Ruby with the only thing she could take in a fair fight, barely

But the wife was not to be swayed. And the girls were ecstatic. They, for whatever reason, loved that dog like no other. Oh they’d pet Cotton, sometimes. But that wasn’t the same thing.

Ruby dressed up and in the stroller

Apparently girls have some innate need to dress things up and play pretend? I don’t know. I’ve been married going on 20 years, have three girls in my house, and I have no idea how any of them work. I told my wife this quote I read online, “The only ones who understand women are other women, and they hate each other.” She slowly nodded and said, “Yep, that’s about right.” That’s probably not true because they all go to the bathroom together. It’s just another ruse to keep us men confused. But I digress.

So apparently women need a useless dog who is dress-up-able and doesn’t bite you when you try.

This happened nearly every day. Definitely every time I turned around
Ruby helping Spork study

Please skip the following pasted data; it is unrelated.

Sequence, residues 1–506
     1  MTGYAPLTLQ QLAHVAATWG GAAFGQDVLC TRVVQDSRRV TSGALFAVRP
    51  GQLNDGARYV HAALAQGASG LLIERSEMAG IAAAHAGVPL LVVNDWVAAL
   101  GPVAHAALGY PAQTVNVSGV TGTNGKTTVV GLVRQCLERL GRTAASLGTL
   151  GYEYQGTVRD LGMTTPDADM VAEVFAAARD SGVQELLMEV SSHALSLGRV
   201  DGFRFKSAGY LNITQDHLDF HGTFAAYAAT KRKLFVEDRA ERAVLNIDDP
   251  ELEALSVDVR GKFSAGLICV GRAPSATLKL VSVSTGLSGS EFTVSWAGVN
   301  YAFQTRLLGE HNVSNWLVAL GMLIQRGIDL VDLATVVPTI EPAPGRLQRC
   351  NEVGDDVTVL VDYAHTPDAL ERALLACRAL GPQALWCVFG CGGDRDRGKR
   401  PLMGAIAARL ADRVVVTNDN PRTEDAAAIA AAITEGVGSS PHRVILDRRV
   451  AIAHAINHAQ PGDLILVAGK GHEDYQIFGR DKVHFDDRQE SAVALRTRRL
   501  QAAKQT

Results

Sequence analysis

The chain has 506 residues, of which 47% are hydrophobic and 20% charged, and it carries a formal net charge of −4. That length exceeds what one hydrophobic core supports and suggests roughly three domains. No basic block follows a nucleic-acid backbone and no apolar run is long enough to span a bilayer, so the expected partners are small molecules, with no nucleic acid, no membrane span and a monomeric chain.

I’d love to say that this is a story where the mean ol’ dad softens to the cute puppy over time and it ends up being dad’s dog. I’ve certainly seen this happen, even in my own house. If you think I’m the mean dad, you never met my father. And I saw him take to a fluffy poodle like nobody’s business.

6 out of seven nights per week, this is where you found Ruby

Alas, Ruby didn’t ever quite make that transition with me. She was easily the most annoying thing I’ve ever dealt with. She had this terrible scream that sounded like a goose being strangled to death by a synthesizer while gargling. And she deployed it when she wanted out. Or in. Or up. Or down. It was like fingernails on a chalkboard combined with the sound of a jet engine. I could easily hear it from across the farm. That’s about 1/2 mile away. The wife, bless her, couldn’t hear it. The girls thought it was funny. The boy would open the door to let her in and/or out if he heard it but that was about 30% of the time.

Ruby was one of those dogs that went bonkers for spinning tires. Bicycle tires. Car tires. Gator tires. Whatever. She’d run right up to them and then under them if she could. We’ve had to pull her from in front of countless customer cars so they can arrive or leave. If she wasn’t in your arms she was chasing a car. Since I’d resigned myself to being tortured by this dog for years, I assumed she’d never get run over. And I was right.